Elias must pass among knights and soldiers, survive furious battle, deadly privations, moral uncertainty, and treachery if he’ll have any chance of returning to his newfound love in the magnificent city of Constantinople.

Available now from Dreamspinner’s Harmony Ink range and from the usual ebook retailers.

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As usual I’ve lost the plot a bit this week as far as signing up for stuff but here’s a Saturday Rec post anyway.

I’m a big fan of historical action stories, and of action stories in general. Until I found the growing M/M genre knocking on for 10 years ago now, I had never read romances – preferring Fred Forsythe or Patrick O’Brien to Loretta Chase or E L James – and I still have problems getting my head around the tropes. Some of the best stories I’ve read play all kinds of games with these ‘set in stone’ rules.

Because I know that I have problems with romances I scan the ebook sites very quickly ignoring all the naked torsos and cuddling contemporary couples, instead pouncing on anything with a gun on the cover, a suggestion of noir or a whiff of historical costume. The Boys of Summer went on my To Read List the moment I saw the gorgeous cover.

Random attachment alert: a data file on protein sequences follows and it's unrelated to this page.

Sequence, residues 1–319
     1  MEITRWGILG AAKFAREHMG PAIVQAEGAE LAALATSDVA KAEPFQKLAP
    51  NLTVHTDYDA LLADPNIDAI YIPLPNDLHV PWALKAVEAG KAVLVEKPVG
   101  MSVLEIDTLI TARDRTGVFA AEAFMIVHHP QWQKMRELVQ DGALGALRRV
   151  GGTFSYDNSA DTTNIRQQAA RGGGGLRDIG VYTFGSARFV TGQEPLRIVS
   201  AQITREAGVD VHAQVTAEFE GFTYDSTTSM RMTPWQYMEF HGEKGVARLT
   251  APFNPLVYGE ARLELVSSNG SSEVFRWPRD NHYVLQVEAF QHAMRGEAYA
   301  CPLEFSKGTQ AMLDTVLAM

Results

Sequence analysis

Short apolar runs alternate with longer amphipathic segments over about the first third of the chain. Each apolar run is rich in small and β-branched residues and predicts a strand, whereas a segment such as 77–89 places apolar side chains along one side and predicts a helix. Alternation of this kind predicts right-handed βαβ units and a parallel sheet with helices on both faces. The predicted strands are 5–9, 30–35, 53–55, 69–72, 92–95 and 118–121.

Boy, did I feel daft when I read the blurb and realised that it was a contemporary romance but actually it was that glorious thing – a twofer! As in two for the price of one.

The contemporary romance concerns David, a location prospector for the film industry checking out sites in the Hawaiian archipelago, assisted by Rick, a pilot, whose skill at the controls is the only thing between them and death when a tropical storm blows up. There’s action right from the first page and the pace continues, with quieter moments that allow the reader to catch up and realise just how much trouble the protagonists are in. Neatly inserted into the contemporary narrative is a slightly slower paced story set during the Second World War where another David and Rick carry out an exquisitely agonised courtship against a backdrop of code breaking and far too many sorties as a fighter pilot. This part of the book was beautifully done and impressed me very much – a clear 5 star read. Then we return again to the present with a greater sense of purpose and urgency.

How one story fits with the other would be a spoiler, as would how the past impacts on the present so I’ll say no more about it other than that it was a damned good read and kept me entertained throughout.